How To Solve Pediatric Storage Challenges
Photo courtesy of HDR Architecture, Inc.; © 2013 Andrew Pogue
The play area at Mary Bridge Children’s Hospital in Tacoma, Wash., features lockable cabinets for toys and games. The cabinets, which are encased in a magnetic whiteboard surface, provide storage as well as a platform for certain activities.
Photo courtesy of HDR Architecture, Inc.; © 2013 Andrew Pogue
Open, adjustable shelving in the play area at Mary Bridge Children’s Hospital enables smaller children to choose a toy on their own. Computer stations behind the aquatic wall create a space for older children.
Photo courtesy of HDR Architecture, Inc.; © 2013 Mark Herboth
The Kids Immunosuppressive Special Unit (KISSU) at Vidant Medical Center James and Connie Maynard Children’s Hospital in Greenville, N.C., houses an activity room where kids can go and play away from their room. The space includes supply storage for child life specialists, including educational materials for patients and their siblings.
Pediatric patients, while perhaps small in size, often come with more “stuff” than their adult counterparts. This makes planning for adequate storage in pediatric hospitals a challenge both in terms of how much storage is needed and the appropriate location to store that equipment and supplies.
Here are three primary reasons why programming for equipment in pediatric facilities differs from adult hospital planning—and some solutions for overcoming these issues.
1. Serving a range of ages
The first, and probably largest, reason for storage challenges in pediatric hospitals is the disparity in age ranges of the patient population. Pediatric care spans from infants to adolescents, with some organizations caring for patients up to 21 years of age. Therefore, a hospital must be equipped with several sizes of each piece of equipment needed to treat all these patients.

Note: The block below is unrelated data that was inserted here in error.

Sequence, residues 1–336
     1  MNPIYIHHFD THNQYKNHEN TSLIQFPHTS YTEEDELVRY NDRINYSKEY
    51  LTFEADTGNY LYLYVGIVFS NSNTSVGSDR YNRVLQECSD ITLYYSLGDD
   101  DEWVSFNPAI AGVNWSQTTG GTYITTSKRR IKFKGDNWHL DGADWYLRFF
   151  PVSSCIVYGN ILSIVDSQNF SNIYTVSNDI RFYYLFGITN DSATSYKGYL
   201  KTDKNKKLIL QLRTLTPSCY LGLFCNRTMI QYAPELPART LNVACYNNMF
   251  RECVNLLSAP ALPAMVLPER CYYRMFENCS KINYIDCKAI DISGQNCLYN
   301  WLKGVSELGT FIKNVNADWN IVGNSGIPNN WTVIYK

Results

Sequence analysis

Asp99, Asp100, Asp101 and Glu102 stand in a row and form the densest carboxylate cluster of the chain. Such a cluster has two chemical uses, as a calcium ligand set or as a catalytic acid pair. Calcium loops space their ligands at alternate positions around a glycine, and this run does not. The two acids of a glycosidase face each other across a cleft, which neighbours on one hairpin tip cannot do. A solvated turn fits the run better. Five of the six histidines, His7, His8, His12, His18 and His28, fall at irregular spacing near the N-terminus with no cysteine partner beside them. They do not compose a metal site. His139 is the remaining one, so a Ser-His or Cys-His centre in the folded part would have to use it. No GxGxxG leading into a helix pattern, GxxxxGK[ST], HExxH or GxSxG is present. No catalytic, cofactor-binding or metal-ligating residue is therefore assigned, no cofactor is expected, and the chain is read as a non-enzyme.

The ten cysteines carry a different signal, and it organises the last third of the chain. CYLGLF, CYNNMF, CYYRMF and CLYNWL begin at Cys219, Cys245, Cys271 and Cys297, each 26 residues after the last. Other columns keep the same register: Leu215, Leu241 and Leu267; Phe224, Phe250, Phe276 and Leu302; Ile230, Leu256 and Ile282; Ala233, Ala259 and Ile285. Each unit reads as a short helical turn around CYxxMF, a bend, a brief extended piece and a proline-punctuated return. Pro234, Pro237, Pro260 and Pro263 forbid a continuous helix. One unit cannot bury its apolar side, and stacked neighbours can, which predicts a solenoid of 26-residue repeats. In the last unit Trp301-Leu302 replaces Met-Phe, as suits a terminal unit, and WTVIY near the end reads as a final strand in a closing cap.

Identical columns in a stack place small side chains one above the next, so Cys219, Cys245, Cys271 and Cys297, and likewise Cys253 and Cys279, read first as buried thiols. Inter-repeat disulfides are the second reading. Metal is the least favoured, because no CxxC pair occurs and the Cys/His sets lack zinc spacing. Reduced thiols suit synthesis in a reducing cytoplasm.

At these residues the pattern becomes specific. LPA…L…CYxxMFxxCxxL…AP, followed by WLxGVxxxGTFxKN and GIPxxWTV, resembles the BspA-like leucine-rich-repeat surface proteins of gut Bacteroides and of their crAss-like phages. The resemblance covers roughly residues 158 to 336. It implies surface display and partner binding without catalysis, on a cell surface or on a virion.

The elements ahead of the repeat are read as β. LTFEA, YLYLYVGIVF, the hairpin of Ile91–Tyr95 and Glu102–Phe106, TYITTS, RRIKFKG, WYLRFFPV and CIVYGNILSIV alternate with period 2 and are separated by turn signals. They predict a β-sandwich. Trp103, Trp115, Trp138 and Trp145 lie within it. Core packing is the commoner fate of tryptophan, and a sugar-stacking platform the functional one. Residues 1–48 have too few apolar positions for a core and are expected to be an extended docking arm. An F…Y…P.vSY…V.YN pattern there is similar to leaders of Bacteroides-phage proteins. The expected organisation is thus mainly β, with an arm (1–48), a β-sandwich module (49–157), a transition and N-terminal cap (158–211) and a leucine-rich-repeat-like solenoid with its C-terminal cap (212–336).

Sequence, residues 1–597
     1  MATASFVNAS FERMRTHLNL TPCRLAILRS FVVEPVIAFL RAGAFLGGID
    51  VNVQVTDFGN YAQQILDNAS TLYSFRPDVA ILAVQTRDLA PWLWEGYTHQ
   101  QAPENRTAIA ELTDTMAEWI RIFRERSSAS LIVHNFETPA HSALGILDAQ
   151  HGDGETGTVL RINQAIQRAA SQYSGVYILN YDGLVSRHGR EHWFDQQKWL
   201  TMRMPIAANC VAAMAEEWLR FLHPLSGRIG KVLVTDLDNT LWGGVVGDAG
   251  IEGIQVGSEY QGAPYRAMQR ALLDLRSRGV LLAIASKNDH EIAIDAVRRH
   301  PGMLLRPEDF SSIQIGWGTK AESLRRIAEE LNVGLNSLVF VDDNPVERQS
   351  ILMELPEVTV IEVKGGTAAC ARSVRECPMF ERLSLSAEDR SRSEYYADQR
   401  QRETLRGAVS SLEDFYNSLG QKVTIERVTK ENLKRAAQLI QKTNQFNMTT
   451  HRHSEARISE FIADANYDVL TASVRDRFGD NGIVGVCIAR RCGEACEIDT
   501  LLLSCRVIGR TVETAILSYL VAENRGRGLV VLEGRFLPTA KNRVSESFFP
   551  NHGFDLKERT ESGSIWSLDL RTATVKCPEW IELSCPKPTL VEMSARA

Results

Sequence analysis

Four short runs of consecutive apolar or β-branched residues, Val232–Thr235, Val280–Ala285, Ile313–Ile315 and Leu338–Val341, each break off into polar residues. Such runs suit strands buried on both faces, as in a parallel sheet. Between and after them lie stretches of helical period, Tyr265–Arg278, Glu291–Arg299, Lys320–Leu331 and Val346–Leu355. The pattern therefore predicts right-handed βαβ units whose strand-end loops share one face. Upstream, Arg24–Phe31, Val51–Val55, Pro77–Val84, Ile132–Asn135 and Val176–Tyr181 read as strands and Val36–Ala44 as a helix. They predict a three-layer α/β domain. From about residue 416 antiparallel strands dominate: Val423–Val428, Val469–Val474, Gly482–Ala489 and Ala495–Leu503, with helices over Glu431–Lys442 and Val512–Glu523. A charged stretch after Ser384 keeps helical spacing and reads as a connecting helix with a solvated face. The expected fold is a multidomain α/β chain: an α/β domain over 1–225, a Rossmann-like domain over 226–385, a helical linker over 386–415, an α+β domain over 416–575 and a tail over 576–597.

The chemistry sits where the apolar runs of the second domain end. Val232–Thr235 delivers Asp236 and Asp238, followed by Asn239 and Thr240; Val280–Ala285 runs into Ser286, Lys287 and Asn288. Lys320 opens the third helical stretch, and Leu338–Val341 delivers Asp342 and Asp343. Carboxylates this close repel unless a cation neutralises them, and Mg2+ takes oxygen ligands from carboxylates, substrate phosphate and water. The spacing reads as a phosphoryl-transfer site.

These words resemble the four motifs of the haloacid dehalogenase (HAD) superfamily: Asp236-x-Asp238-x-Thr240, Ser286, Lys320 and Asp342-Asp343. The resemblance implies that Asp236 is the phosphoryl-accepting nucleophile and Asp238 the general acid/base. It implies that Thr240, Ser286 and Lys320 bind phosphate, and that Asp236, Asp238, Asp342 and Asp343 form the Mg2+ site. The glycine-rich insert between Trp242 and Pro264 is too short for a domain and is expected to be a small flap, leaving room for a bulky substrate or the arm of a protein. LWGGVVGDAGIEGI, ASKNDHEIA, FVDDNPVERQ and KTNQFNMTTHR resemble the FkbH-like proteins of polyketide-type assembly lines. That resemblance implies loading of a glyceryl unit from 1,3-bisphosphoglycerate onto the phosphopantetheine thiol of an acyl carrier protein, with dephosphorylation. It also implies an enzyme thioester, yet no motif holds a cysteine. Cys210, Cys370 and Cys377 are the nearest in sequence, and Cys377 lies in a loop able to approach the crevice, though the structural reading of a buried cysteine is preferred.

For example, in pediatric and PICU units, space must be allocated to store adult-sized beds for older children and cribs for infants and toddlers. For emergency equipment, hospitals need to have both adult and neonatal crash carts on hand, depending on the age of the child requiring resuscitation, as well as duplicate difficult airway carts for both pediatric and adult care. It’s even recommended that hospitals stock duplicate automated mediation dispensing systems to visibly and physically separate pediatric medications from the dosage amounts administered to older children.
Keeping these duplicate items on hand and stored near the clinical areas creates a location issue that must be resolved for patient and clinical workflows to remain efficient and smooth. Particularly for bulky items like bed storage, quick access is needed where space is often at a premium. As a result, this equipment can get pushed to more remote locations where it’s less accessible after hours or in an emergency.
Project teams need to anticipate these duplicate items from the initial project conception and upsize programs for medication and nourishment rooms, equipment rooms, and storage alcoves in corridors. Working closely with the equipment planner and facilities purchasing team to proactively develop an equipment list will help designers test the functionality of the individual spaces and see if these items fit in the desired locations. The American College of Emergency Physicians has some general guidelines for minimum pediatric equipment in the ED, but precise sizing is determined by the equipment selected. For example, in a recent pediatric ED project, the square footage of the original medication room had to be increased by more than 70 percent to accommodate the client’s desire to store duplicate automated medication dispensing systems.
2. Space for positive distractions
Being in the hospital can be scary and stressful for kids, especially younger ones who may not fully understand what’s happening or why, so pediatric hospitals place a priority on creating positive distractions for this vulnerable patient population. These features come in all sorts of forms, and many, of course, require storage. For example, some pediatric hospitals use brightly colored or themed wagons instead of traditional wheelchairs to transport patients (and some of their belongings or a favorite stuffed animal) between departments. This feels less institutional and more “normal” for a kid who may have a wagon at home and can symbolize the opportunity to leave the patient bed and get out and explore. Unlike wheelchairs, however, wagons typically don’t collapse or stack easily, resulting in a significant amount of floor area taken up when they’re not in use.